This article was originally posted by Grant Trahant on Caustartist
The co-founder of Mitscoots Outfitters, Tim Scott, volunteered in 2008 to help the less fortunate and discovered that right after food and water, the greatest request among the homeless was quality clothing.
In 2012 Tim and his wife, Agata, launched Mitscoots Outfitters with a mission:
For every item purchased, there is an equal quality item that is given to someone in need. Mitscoots Outfitters goes a step further and employs the transitioning homeless at their company!
Mitscoots? What does that mean?
When Tim was a child he struggled with dyslexia.
When he began learning how to write his name. Tim became Mit. And Scott became Scoot.
Now the former Air Force Veteran is helping bring opportunity to the transitioning homeless in Austin through his amazing clothing company.
Interview with Tim Scott, co-founder of Mitscoots
What inspired the Mitscoots Outfitters mission to provide resources and opportunity to the homeless in Austin, Texas?
Well, my wife and I have been volunteering in the homeless community for about a decade now. Every time we would go out with donations to help give assistance where we can and we were unfortunately always running out of hand-me-down clothing items.
Things like beanies, scarves, shirts and socks would often either be in terrible shape or not fit. And even of those, we would run out.
We thought that that was a pretty ridiculous problem to have to tackle when you’re facing the other enormous issues of homelessness. We saw an obvious problem and I’d always been taught in the military to tackle these types of things head-on.
After a successful crowdfunding campaign, we jumped in full steam and have bootstrapped grown our social enterprise ever since.
For every item that we sell, (hats, beanies, gloves, scarves, etc.) we provide an equal quality item to a person in need and employ someone transitioning out of homelessness to package it up and send it out.
Through that model (Get + Give + Employ) we’ve been able to donate tens of thousands of items to individuals in need of all across the country and have helped lift a number of people up out of the streets and into permanent housing.
We love your “Made in USA” products. Can you tell us a little about the suppliers you are working with?
We love the factory suppliers that we get to work with. We’ve got about eight of them now all across the country that help make any number of the items that we sell online or send off to our retail partners. They’re all able to make amazing things and have just been waiting for a chance.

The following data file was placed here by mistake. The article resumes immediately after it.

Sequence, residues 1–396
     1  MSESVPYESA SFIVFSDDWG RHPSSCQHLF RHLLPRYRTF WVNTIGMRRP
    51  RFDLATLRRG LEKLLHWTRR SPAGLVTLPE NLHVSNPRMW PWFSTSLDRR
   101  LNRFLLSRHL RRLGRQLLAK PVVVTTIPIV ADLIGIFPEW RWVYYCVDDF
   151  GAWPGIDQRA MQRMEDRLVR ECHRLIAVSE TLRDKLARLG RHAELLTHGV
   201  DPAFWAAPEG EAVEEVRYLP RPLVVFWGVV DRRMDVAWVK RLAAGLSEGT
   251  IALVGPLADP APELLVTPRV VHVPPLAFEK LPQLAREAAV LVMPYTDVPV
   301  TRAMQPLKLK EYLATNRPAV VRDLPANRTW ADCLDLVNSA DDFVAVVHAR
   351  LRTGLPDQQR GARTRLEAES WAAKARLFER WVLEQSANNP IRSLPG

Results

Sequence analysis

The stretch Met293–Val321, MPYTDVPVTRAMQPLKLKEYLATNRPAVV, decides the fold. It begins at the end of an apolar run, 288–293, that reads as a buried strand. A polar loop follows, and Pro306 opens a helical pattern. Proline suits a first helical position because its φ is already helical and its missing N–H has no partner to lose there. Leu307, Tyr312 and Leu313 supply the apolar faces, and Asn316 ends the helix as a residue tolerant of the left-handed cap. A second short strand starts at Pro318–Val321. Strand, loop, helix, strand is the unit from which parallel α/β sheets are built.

That said, things are a little more expensive here in the states, but we’re willing to pay the difference for quality and the knowledge that we’re helping empower people at every possible step.
What do you think is the biggest misconception on the 1 for 1 model?
It seems to me that a lot of people see it as a finish line versus the first step on a long journey. Yes, people need things in the immediate future. That’s why we participate in a version of the one for one model. But we can’t just stop there.
The donation should be a touch point to create a human connection with someone else that is falling by the wayside. It’s our chance to bring someone back into the fold through opportunity, let them know that they’re cared about and not invisible.
Why do you think it is important to provide opportunity over handouts?
It’s the simple argument of empowerment versus enablement. I think everyone has an innate drive to want to be the best version of themselves. Not just to receive continuously, but to demonstrate their worth to the world in general.
It takes time and commitment to find the ways each unique person can contribute, but through our employment we can give that chance to those that are ready for it.
What we do may not change the world, but for many people we can make it a lot better.
Tell us a little about the amazing people Mitscoots Outfitters has employed and how they have been economically empowered!
I can tell a little bit about our employees through two of the best experiences I’ve been able to share with them.
The first one is whenever we get to go to a housewarming party for one of our team members. It truly is a life-changing moment for them. That we get to share it with them or have had a hand in helping make it happen brings both us and them a joy I can hardly explain.
The second is the day that anyone quits. Not because we want them to go, but because that means they’ve been able to get better long-term employment. We’re just the first step in the process. It’s always hard to see someone go, but it’s a proud joyful sadness.
I’ve never experienced such character, wild stories, or perspective from any other group of people in my life.
We’re honored to be part of their journey.